>We set up a pattie-making factory one hot afternoon, Eric, Orlando and I. We had been hankering for a proper West Indian pattie for a while and Eric was the resident expert. We would have liked saltfish patties but the salted cod here takes far too long to prepare – a full weekend for one side of salted cod. So we went with beef instead.
First, Orlando set about cooking the beef filling. He browned a large chopped onion, then added 800g of heart-smart minced beef, four large chillies (two red and two green) finely chopped, a decent dollop of old-fashioned curry powder and some Indian meat masala. When the meat was brown he added four medium potatoes which had been cooked, cooled and diced beforehand.
About a cup of beef stock was added to make the mixture moist, then about the same again of breadcrumbs to make sure the mixture bound enough for us to fill the patties.
WeightWatchers: 4.5 points per serve
Prep: 10-15 mins
Cooking: 10 mins
Saffron threads ½ tsp
Leek 1 finely sliced
Potato 1 (120g) cut into 1com cubles
Chicken stock 1 litre (4 cups)
Diced Italian tomatoes 800g can
Lemon juice 2 tbs
Seafood marinara mix 750g
Mussels 12, cleaned
Flat-leaf parsley 1/3 cup roughly chopped
Fresh red chilli (optional) 1 red finely chopped
Combine saffron and 1 tbs hot water in a small bowl. Stand for 5 mins.
Spray a large deep non-stick saucepan with oil and place over medium heat. Add leek and potato. Cook, stirring for 3 mins or until softened. Increase heat to high.
Add saffron, stock, tomatoes and lemon juice. Bring to the boil and simmer for a few minutes to infuse the flavours.
Add marinara mix (you might want to separate out the different types of seafood and add them according to how long you want them to cook). Last, place mussels on top of bouillabaisse. Return to the boil, reduce heat and simmer, covered for 3 mins or until mussels open. Season with salt and pepper. Ladle into deep bowls and sprinkle with parsley. Serve.
>Our colleague Amanda brought a fresh batch of these amazing biscuits in every morning, a gift from her daughter who kept us stocked up throughout the worst of the workload.
If you use this recipe, please make a donation to the Australian Red Cross Bushfire Appeal – every penny counts!
125g butter, softened, chopped
275g brown sugar
2 tbsp ground coffee
1/2 tsp vanilla extract
110g plain flour
110g self-raising flour
Preheat oven to 180C/160C fan forced.
Beat butter, sugar, vanilla and coffee until lightened and fluffy.
Add egg; beat until just combined.
Stir in sifted flours.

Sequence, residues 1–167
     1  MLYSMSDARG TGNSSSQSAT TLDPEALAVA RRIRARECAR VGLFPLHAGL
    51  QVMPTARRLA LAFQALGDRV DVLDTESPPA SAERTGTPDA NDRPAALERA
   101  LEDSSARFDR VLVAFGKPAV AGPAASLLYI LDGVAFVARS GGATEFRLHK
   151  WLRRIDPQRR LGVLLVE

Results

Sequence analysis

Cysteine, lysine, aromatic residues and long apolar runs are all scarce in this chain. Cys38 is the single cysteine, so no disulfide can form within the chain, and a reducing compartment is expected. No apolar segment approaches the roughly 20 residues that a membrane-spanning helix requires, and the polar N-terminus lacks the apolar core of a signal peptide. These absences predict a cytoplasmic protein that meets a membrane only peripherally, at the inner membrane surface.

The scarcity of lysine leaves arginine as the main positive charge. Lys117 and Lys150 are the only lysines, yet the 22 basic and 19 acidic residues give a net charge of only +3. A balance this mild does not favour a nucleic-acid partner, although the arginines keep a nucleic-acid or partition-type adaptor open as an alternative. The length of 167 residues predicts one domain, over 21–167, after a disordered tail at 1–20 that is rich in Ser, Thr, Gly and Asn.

Roll teaspoons of mixture into balls; place on baking paper covered trays.
Bake for 10 minutes, stand on trays for 5 minutes before transferring to wire rack to cool.
>It is over ten years since I travelled to India. My very first meal in Goa was in a little outdoor restaurant called Tropicana, and it was chicken chilli fry, a local speciality. Nothing fancy, just well-seasoned chicken cooked with chillies in a strong flavoursome gravy.
For ten years now I have been trying to replicate that taste. Everybody’s recipe is different and yet the same. They may use their own family masala; some are drier than others; some are bulked up with vegetables and some give the meat pride of place. But all have that particular base flavour which always eluded me.
The best variation of it was Bobby’s calamari chilli fry. I used to joke that it had drugs in it – the stuff was addictive. Bobby used to always send me home with a big bag of his own special masala, freshly roasted and ground that morning. Still I could not deliver the goods like a true Goan.
So this week I had a deep craving for chicken chilli fry. I was determined not to go to our local Indian restaurant: their version has that elusive flavour but it is a bit too oily for me. I googled and searched and googled again. I downloaded a dozen recipes to see if I could find a common element. Then something caught my eye and I thought: I’ll try that.
I fried the chilli. The hint is in the name I guess. I took four large green chillis, deseeded them (the seeds can be a little bitter), cut them into strips and fried them alone in a little oil. No garlic, no sweating, just fried like onions. Within moments the aroma from the pan confirmed that I had found that elusive element.
I had always used the chillies as seasoning rather than a vegetable ingredient, and this was clearly the mistake. Frying the chillies released an amazing aroma and taste which was the complexity I had been missing all this time.
In another pot I cooked my chicken, marinated beforehand in finely chopped onion and garlic, Worcestershire sauce, a drop of fish sauce, garam masala and my own local meat masala. It simmered away for twenty minutes or so until the chicken was cooked. I then added the chicken bit by bit into the pan with the fried chillies, browning all the chicken as I went. Once that was done, I added the rest of the broth from the chicken pot and reduced it down to a thicker gravy. A teaspoonful of brown sugar and a dash of balsamic vinegar added to the sharpness.
I ate slowly and with relish. For all the chillies I used, it could have been a bit hotter for my taste, so in future I would use 6 large chillies to a half-kilo of meat. My toughest customer, Orlando, ate the left-overs for dinner the following night and declared that it was sensational.
Finally, a ten-year culinary conundrum is put to rest.